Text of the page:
Mermaid's Purse

A few weeks ago, the HRAP staff was alerted that a mermaid’s purse had been found on the beach. A mermaid’s purse is an egg capsule produced by the Big Skate, (Raja binoculata). The capsule, which is oblong in shape, usually measures 9-12 in long and 4-7 in wide. It has horns protruding from the corners.
Egg Capsule (mermaid's purse)
Photo courtesy of Frances Holtman

This species is oviparis, which means that the egg capsules often contain more than one embryo. This particular egg capsule held three juvenile skates. Unfortunately, the capsule was damaged, and the skates fell to the sand when a visitor picked up the capsule. 

Visitors viewing the juvenile Big Skates
Photo courtesy of Frances Holtman

The Big Skate is the largest species of the skate family. They are found on the Pacific coast from Alaska to Baja California. They feed on worms, crustaceans, molluscs, and small fish.

While the capsule contained three juvenile Big Skates, their premature entry to the world due to the damaged egg capsule was detrimental. Some visitors picked up the skates to take pictures, despite the HRAP staff member’s pleas to leave them alone so that the situation and the skates health could be assessed. Before the skates could be placed in a protective container, one was washed away by a wave. The remaining juveniles were placed in a plastic container with ocean water until it was decided what to do with them.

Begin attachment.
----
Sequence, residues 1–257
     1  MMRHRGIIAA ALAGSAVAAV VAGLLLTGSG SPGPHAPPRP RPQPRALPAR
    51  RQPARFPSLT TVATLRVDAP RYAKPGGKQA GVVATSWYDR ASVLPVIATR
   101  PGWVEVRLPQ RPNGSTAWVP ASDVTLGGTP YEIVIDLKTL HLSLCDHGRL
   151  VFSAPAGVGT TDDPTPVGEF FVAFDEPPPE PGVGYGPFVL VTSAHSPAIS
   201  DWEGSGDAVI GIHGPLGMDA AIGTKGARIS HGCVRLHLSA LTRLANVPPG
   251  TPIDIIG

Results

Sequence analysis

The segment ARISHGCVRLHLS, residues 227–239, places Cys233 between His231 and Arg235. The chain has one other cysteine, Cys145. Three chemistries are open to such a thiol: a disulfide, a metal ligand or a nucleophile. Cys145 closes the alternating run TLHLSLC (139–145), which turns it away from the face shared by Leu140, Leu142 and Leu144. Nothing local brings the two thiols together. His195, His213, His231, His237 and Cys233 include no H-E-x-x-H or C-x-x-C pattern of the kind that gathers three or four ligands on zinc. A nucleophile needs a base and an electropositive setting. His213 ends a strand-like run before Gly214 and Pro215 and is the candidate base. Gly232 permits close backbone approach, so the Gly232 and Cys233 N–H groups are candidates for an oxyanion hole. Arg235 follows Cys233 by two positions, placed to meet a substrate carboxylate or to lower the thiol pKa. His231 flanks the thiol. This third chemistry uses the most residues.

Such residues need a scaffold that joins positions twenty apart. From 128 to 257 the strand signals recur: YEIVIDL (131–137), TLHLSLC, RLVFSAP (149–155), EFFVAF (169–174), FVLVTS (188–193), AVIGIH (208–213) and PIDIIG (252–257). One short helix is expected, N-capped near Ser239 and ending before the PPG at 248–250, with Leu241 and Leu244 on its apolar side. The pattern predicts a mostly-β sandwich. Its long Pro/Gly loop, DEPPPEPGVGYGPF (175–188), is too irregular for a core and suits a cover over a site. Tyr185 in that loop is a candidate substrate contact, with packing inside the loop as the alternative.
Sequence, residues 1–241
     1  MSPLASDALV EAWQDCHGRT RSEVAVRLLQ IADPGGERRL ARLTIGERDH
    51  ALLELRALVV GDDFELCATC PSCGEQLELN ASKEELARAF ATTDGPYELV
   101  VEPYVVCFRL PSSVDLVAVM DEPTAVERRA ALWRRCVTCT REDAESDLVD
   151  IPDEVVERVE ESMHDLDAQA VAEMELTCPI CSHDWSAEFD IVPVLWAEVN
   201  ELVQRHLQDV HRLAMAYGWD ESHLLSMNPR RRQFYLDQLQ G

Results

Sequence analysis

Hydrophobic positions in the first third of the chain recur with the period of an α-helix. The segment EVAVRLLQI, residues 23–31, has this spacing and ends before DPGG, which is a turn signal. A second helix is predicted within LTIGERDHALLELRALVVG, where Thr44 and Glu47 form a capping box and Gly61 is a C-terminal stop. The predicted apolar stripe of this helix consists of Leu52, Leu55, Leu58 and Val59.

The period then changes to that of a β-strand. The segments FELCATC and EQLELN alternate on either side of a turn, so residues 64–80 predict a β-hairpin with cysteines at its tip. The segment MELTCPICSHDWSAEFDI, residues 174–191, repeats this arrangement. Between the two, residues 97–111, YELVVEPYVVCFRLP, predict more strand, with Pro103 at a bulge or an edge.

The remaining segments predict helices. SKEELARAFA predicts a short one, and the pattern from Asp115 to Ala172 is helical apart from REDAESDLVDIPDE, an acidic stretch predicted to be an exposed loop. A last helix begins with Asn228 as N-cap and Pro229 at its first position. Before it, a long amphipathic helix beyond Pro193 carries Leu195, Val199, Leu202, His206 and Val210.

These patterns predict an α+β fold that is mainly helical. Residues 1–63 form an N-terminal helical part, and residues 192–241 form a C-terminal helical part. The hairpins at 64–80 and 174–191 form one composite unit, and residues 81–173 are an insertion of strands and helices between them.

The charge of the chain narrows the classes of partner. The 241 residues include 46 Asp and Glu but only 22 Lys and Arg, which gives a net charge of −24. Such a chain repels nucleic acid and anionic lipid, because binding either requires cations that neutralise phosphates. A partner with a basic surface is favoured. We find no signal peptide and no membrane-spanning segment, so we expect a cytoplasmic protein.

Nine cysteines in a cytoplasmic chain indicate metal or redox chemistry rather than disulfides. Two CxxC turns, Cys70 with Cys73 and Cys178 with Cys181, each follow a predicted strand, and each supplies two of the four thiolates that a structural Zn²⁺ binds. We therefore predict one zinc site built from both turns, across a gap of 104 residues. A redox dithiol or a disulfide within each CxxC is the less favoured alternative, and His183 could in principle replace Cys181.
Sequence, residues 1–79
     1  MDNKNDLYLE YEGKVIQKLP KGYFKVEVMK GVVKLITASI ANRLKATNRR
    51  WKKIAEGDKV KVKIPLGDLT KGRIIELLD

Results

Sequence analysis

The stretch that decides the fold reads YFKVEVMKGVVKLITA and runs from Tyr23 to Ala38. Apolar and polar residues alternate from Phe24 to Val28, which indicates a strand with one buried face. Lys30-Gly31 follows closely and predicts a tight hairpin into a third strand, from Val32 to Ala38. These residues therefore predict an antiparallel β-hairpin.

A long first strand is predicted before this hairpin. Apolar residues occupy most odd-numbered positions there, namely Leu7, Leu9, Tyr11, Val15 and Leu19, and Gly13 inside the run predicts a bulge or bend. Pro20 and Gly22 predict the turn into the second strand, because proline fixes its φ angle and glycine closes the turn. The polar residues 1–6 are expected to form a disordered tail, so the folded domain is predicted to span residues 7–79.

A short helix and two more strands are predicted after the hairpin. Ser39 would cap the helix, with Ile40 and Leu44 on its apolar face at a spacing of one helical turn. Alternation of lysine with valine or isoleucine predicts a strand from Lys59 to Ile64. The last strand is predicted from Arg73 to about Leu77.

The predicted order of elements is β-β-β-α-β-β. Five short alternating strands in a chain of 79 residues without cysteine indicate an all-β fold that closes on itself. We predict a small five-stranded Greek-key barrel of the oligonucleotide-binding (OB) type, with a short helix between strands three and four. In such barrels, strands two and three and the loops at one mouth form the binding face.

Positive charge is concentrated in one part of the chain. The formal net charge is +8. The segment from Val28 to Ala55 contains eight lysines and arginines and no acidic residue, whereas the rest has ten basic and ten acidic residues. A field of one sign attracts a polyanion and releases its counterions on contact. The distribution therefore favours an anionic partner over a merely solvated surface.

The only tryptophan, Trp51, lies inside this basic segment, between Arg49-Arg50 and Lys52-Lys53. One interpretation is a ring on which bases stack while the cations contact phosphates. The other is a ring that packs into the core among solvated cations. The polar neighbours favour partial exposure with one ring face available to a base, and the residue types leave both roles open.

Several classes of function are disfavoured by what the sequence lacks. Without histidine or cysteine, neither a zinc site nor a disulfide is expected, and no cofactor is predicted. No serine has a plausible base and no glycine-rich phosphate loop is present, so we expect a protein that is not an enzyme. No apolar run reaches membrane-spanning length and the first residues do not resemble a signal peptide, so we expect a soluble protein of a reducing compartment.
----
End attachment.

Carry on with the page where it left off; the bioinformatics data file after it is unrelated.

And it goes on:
Protecting the skates from further damage
Photo courtesy of Frances Holtman
The skates were eventually tucked back in the torn mermaid’s purse and placed in the ocean so that they were protected from the roaring waves.

While this encounter had somewhat of a tragic ending, there’s a lot that can be learned from it.
  • When wildlife is encountered, it’s important to view them without injuring them. Seek the help of a trained professional. If you’re visiting Haystack Rock, look for the staff and volunteers in the red coats or shirts.
  • Big Skates are an important. They’re commercially fished off the coast of California and are sold for food.
  • They are also part of an intricate ecosystem that helps provide the air we breath.


Popular posts from this blog

All the birds are back!

Watch Out Prey - They Sting!

Opalescent Nudibranch In The Sand